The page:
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Mossad Warned of Possible Attack in Turkey

By IsraelNationalNews.com

Turkish media report that the Mossad sent warnings to Turkish intelligence officials that terror attacks were planned against synagogues. The first warning in April specifically pointed to a planned al-Qaeda attack on the N'vei Shalom Synagogue or an Israeli diplomatic facility. The second, a more general warning, was delivered two months ago. In a related development, ZAKA officials said that Torah scrolls, prayer books, and other religious articles would be buried by volunteers who arrived in Turkey to assist following Saturday's double car bombing attacks. The holy articles were destroyed as a result of the powerful terrorist bombs that were detonated against two Istanbul synagogues on the Sabbath morning.



Turkey, Israel Investigate Istanbul Synagogue Bombings

By Amberin Zaman (VOA-Istanbul), Ross Dunn (VOA-Jerusalem) & Ha'aretz

Turkish and Israeli experts are investigating the bombings of two Istanbul synagogues amid mounting evidence that international terrorist groups such as al-Qaida may have organized the attacks. Meanwhile, Turkish officials said 23 people were killed by the blasts that wounded more than 308 people.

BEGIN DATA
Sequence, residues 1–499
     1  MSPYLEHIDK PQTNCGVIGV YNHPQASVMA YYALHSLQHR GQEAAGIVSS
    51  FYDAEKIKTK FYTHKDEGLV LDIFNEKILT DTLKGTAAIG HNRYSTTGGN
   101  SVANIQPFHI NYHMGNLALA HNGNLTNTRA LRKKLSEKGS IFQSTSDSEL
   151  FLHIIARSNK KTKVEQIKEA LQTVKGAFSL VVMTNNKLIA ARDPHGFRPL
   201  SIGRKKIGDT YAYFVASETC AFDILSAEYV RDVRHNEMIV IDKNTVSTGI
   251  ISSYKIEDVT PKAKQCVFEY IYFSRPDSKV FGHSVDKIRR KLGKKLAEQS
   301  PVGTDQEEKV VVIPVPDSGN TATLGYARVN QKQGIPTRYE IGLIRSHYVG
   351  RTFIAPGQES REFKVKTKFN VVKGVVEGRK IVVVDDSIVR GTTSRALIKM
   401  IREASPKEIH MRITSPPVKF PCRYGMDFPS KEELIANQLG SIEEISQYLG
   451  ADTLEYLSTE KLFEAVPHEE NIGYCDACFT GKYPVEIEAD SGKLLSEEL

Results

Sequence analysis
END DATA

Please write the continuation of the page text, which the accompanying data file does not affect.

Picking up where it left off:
Most of the victims of the Saturday morning attacks were passersby. Six of those killed were reported to be Jews. A Jewish community spokeswoman told VOA that their funeral services would likely take place Tuesday.

A senior police official quoted by the semi-official Anatolian news agency said nearly 900 pounds of explosives had been packed into two pick-up trucks, which exploded within minutes of each other outside the synagogues as Jewish worshippers congregated. Interior ministry officials said there was evidence that the attacks may have been the work of suicide bombers.

Israel's foreign minister, Silvan Shalom flew to Istanbul to console the country's small Jewish community. He called the twin bombings "cowardly attacks carried out by extremists, who do not want to see countries that are sharing values of democracy, freedom and rule of law." Turkish foreign minister Abdullah Gul said the attacks not only targeted Jews, but Muslim Turks as well.

Four Turks arrested Saturday in connection with the blasts were released after being cleared of involvement. Turkish security officials have greeted claims by an obscure Turkish Islamist group known as the Great Islamic Eastern Raiders Front, that it had carried out the bombings with skepticism. Shalom was quoted by Israeli radio saying that information he had received from the Turkish government showed that "the direction" was "more to al-Qaida."